Linking to Users folder on different drive  

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  1. Posts : 27
    Windows 10 x64 (b9841)

    Linking to Users folder on different drive


    Has anyone had any trouble linking the C:\users folder on another machine? I have successfully done this all the last 3 installs of windows I have done following these instructions: How To Change User Profile Location in Windows 8 without Registry Hack | Next of Windows

    But when I try and do it on my W10 install, I get an error trying to log in as a new user: The User Profile Service failed the sign-in.

    Not sure if it matters, but my c drive was labeled G while I was in the repair console.
    My commands looked like this:

    robocopy g:\Users h:\Users /COPYALL /E
    rmdir /s g:\Users
    mklink /d g:\Users h:\Users

    All commands seems to work fine. Anyone had any luck doing this?
      My Computer

  2. Posts : 27
    Windows 10 x64 (b9841)
    Thread Starter

    I used the sysprep method, and it worked great! How long has this option been available, it really is fooproof, and simple. The lengthy instructions look daunting, but it really is only a couple simple steps.
      My Computer

  3. Posts : 17,661
    Windows 10 Pro

    Basically that has been available and possible since XP, although first from Vista it has really worked. I've used it in all my Windows installations since early beta versions of Vista, never had an issue.

    I deleted my earlier post in this thread (about the sysprep method with link to tutorial) because I have not yet updated the tutorial to explain what to do when you want to upgrade to next build. Apparently I deleted it too late, you had already seen it :).

    I will update the tutorial, it's on my To-Do list for tonight.

    Before upgrading to next build you have to revert the procedure (move Users back to C: drive), then upgrade, and finally after upgrade run Sysprep again to move Users again to another drive. This procedure is quite easy and fast, it needs to be done every time you upgrade.

    The issues is what I call "The Sysprep - Upgrade Dilemma":

    • A sysprepped Windows cannot be upgraded
    • An upgraded Windows cannot be sysprepped

    Luckily there's an easy workaround for this, as I mentioned I will add that to tutorial later tonight.

      My Computer

  4. Posts : 27
    Windows 10 x64 (b9841)
    Thread Starter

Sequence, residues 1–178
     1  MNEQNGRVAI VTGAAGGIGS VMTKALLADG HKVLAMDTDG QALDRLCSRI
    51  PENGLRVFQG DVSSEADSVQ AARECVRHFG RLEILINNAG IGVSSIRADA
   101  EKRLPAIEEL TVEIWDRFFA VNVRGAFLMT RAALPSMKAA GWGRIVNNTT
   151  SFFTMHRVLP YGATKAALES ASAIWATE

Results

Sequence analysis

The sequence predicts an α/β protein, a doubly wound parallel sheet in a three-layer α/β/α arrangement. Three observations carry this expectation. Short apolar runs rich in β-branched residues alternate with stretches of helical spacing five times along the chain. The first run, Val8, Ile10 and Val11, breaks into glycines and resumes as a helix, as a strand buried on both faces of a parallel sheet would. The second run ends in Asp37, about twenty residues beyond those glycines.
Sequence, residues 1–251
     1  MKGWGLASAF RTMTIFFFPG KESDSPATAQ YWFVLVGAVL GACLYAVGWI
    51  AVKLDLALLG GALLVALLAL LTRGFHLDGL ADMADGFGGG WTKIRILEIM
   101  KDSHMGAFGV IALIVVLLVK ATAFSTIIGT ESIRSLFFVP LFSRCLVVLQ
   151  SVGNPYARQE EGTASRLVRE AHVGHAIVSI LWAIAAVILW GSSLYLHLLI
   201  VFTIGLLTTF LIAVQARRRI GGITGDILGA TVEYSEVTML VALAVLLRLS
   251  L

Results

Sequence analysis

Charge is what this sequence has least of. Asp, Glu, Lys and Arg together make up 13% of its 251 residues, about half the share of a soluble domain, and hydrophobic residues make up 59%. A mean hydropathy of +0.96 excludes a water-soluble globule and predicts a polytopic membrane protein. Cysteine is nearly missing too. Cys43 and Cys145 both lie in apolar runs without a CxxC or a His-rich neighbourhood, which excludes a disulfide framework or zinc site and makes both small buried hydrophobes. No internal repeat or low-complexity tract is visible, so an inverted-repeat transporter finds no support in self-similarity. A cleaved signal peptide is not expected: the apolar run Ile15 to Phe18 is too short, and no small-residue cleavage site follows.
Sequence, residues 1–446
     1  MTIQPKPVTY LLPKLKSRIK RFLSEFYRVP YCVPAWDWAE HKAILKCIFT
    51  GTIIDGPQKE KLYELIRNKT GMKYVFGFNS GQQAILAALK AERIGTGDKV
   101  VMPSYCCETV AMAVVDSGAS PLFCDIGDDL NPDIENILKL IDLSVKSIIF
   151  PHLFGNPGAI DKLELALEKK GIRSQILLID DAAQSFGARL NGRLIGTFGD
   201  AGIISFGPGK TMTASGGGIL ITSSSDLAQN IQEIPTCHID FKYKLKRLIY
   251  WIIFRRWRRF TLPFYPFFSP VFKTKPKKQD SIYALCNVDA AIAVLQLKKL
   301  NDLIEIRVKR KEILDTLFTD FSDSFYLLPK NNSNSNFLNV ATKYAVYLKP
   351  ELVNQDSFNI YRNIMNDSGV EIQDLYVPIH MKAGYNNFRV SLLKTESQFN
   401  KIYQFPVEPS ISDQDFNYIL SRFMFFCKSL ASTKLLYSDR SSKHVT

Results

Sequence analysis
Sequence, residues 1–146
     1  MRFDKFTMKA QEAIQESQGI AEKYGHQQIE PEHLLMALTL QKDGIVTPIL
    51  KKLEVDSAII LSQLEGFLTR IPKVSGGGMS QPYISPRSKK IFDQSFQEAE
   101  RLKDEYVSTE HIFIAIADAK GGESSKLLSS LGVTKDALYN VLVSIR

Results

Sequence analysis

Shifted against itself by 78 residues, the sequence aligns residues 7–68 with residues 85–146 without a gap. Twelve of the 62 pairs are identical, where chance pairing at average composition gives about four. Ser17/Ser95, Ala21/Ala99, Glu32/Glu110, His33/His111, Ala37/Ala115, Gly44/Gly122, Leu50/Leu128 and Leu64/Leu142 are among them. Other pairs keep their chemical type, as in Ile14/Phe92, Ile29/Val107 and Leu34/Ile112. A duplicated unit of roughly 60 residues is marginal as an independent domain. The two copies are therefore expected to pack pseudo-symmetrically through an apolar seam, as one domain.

I have had updates give messages that they can't be installed due to linked Program Files for Users folder. Is this the problem you speak of? Is there a work around?
      My Computer

  5. Posts : 17,661
    Windows 10 Pro

    Which updates?

    Updates should work normally, never had an issue. It's upgrade which needs some adjusting.

    I have no good explanation why I forgot to add that information to tutorial as I promised earlier. Within two hours of this posting it will be added.
      My Computer

  6. Posts : 27
    Windows 10 x64 (b9841)
    Thread Starter

    Not sure what update. I just locked into my computer and that error message was across my screen. I'll snap a picture next time.
      My Computer

  7. Posts : 17,661
    Windows 10 Pro

    I suspect it is the upgrade from Windows 10 TP Build 9841 to Build 9860. It's an upgrade and you should follow the instructions I just added to the tutorial a minute ago : Click the link, it takes you directly to end of tut where the upgrade instructions are.

    As I said, the updates work as they should even in a sysprepped machine, here's the updates from this laptop which has had Users on E: since minutes after installation:

    Linking to Users folder on different drive-2014-11-03_21h13_42.png
      My Computer

  8. Posts : 27
    Windows 10 x64 (b9841)
    Thread Starter

    Great thanks a bunch.
      My Computer

  9. Posts : 405
    Windows 10 21H1

    I have a totally different approach to this issue. I simply ignore the C:\Users folders. I put my files on D:\, F:\, etc and organize them the way I see fit and never put anything in those Documents, Pictures, and other folders. The only downside is that sometimes programs want to save files specifically in C:\Users\..\Documents, but they always give you a choice and it just takes an extra click or two to save the file where it belongs.

    The upside is that my files are separated from the OS. If the OS crashes or needs to be replaced (or updated, or upgraded, or reinstalled, whatever) my files are not affected, they remain where they are. OS installers may format the system drive, but all other drives are left intact.
      My Computer

  10. Posts : 17,661
    Windows 10 Pro

    unifex said:
    I have a totally different approach to this issue. I simply ignore the C:\Users folders.
    The thing with your method is that it leaves the AppData in C:\ with Temp and such. The sysprep method moves everything.

    I need one easy command, the X:\MyAnswerFile.xml containing information where I want Users to be moved:
    %windir%\system32\sysprep\sysprep.exe /oobe / reboot /unattend:X:\MyAnswerFile.xml
    Thereafter everything is automatic; whatever I save to whichever folder in whichever user profile is saved on X: drive. AppData and Temp can take a lot of storage space on C:, not on my systems. Whenever I create a new user account its profile will automatically be created on X:. All installers may store anything they want in my systems to user profiles, it will automatically be saved on X:. When my system drive crashes my all user profiles with absolutely totally completely everything they contain are safe on X: drive.

    Each and every user does it of course as they see fit. For me it's a simple command once and then forget it completely: everything related to any user profile is always automatically stored on X: drive.
      My Computer


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